- A cricket coach is a respected person in India as he is considered a guru.
- Cricket coaching also has monetary potential as the basic wage is respectable.
- There is job satisfaction for a cricket coach as you make a living doing what you love and passing on your knowledge and making others better.
- There is a lot of travelling involved. Therefore, as a cricket coach you get to go to many places around the world, meet new people strengthening your network.
- Getting the qualification is a challenge as you must wait till you get nominated by the BCCI which can take a long time considering many aspiring coaches apply.
- Cricket coaching is a very result based profession. Getting consistent results can be really challenging.
- Maintaining Work-Life balance can also be challenging specially with all those long hours of travel and staying away from the family.
A Day in the Life of a Cricket Coach
A coach’s day starts the previous night when they must plan everything for the next day.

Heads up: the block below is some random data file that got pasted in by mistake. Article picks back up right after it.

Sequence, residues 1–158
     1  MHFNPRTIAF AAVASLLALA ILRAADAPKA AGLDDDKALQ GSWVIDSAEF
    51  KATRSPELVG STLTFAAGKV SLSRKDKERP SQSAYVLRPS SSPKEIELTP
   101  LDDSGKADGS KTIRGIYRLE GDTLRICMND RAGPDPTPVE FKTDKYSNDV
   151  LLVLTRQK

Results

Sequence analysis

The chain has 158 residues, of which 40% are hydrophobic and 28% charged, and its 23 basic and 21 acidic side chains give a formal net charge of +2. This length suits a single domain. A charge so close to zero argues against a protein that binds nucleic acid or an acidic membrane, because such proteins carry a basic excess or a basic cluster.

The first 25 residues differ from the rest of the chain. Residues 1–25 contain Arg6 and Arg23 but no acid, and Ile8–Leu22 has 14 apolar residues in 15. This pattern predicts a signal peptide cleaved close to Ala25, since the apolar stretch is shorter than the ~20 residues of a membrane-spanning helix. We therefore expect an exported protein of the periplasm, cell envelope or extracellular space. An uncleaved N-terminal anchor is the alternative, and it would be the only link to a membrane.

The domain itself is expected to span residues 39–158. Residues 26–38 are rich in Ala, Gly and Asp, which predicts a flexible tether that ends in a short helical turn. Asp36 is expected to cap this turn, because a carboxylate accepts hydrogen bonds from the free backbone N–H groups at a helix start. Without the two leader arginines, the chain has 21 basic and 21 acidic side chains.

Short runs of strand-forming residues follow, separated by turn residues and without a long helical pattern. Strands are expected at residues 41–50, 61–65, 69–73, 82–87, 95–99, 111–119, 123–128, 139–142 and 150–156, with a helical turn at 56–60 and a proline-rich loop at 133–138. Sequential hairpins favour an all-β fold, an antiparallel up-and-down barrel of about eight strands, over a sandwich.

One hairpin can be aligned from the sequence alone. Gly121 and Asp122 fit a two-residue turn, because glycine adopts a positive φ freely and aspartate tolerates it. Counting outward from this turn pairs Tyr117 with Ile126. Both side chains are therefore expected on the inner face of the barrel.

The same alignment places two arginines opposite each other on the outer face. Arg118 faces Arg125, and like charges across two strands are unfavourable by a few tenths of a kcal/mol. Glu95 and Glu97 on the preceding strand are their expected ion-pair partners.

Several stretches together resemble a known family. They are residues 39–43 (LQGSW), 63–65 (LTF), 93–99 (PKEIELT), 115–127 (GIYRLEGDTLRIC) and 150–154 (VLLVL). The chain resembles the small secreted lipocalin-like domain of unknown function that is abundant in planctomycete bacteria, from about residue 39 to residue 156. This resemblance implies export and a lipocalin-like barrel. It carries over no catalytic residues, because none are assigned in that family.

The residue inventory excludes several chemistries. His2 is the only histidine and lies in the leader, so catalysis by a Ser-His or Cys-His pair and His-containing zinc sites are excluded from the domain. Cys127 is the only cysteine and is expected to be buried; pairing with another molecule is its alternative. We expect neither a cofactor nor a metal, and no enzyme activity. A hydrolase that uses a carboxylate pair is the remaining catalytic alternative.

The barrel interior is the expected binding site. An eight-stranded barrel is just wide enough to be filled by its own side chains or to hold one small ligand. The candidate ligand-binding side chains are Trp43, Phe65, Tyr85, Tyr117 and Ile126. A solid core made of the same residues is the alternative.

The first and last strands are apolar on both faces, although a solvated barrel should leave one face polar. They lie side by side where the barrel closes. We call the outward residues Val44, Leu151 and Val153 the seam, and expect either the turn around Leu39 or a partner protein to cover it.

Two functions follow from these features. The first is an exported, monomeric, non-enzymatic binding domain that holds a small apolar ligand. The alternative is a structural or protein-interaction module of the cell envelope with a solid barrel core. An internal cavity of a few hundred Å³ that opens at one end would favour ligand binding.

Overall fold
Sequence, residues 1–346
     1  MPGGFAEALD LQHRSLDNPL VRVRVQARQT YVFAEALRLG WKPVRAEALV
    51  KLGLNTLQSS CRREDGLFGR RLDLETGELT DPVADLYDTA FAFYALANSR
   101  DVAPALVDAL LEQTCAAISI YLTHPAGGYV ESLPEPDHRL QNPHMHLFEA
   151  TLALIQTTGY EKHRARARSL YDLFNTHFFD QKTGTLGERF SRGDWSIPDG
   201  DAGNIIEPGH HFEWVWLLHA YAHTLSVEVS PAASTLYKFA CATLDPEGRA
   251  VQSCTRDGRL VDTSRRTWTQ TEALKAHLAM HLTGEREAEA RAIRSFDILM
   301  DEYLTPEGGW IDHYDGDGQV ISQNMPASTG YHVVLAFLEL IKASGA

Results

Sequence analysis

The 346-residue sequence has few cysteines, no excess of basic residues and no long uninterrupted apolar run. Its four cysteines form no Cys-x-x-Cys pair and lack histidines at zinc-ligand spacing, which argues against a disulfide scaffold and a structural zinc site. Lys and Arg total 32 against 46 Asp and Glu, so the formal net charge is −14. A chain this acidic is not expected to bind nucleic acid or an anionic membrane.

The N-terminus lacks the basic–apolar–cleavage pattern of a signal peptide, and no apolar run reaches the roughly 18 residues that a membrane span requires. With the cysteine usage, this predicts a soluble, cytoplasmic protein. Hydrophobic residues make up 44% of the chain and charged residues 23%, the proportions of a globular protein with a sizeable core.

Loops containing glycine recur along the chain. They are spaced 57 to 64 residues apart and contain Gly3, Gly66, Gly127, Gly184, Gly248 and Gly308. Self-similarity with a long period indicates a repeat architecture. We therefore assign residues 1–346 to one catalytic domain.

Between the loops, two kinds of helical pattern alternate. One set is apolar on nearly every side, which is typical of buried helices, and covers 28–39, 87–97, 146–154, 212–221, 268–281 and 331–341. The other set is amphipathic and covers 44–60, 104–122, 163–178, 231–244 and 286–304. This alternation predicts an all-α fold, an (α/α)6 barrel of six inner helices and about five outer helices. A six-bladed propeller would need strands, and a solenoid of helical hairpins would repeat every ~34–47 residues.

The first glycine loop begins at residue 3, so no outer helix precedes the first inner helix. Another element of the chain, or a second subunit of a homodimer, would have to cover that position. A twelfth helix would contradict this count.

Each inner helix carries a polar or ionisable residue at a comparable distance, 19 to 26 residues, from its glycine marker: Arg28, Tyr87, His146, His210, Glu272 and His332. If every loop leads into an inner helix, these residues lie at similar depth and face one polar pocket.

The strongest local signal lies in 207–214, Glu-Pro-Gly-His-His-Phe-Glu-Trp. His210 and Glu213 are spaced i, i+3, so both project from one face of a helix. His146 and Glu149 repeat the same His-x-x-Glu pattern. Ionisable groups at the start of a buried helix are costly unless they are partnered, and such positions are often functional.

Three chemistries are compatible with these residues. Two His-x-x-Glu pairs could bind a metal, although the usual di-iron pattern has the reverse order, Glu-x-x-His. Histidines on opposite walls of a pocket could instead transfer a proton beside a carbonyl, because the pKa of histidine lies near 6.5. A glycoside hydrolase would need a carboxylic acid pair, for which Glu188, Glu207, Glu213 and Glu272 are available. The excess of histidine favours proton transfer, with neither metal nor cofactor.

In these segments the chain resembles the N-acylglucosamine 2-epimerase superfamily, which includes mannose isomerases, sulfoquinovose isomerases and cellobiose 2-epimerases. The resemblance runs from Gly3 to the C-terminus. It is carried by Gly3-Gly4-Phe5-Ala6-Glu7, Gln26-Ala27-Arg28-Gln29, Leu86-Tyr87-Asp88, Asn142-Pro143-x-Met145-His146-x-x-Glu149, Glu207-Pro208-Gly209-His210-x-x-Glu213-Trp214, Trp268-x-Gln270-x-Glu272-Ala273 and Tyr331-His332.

Then wake up early in the morning and reach the ground before everyone turns up and make arrangements for the session.
Morning sessions tend to be long because the players are fresh, well rested and more receptive to advice in the morning.
At the end of the session during the lunch break the coach starts making reports about the players and discusses with the colleagues the players’ performance. And, starts planning for the evening session
Again, make arrangements for the evening session before everyone turns up.
Being in the field all day for those long hours can really take a toll physically, therefore the coach also needs to be fit. Every kid needs attention so the coach should make sure nobody feels sidelined or left up.
At the end of the day the coach must again make reports for the evening session and jot down the data of the day. And, start planning for the next day.
On match days, the coach should take part in the pre-game warm ups and then sit down and watch the match, take notes, pass information to the players, etc. Then after the end of day’s play (if it is a multiple day match) analyze the day’s performance. And then go back and start all over again.
Interested to start a career as a cricket coach? You can enroll for the KITES Cricket Training programme and develop yourself holistically as a cricket coach. The KITES programme offers both Technical and Skill based training along with vocational topics such as soft-skills, planning, session management, analytics and more. To know more, you can click here to download the brochure or click here to fill out an enquiry form.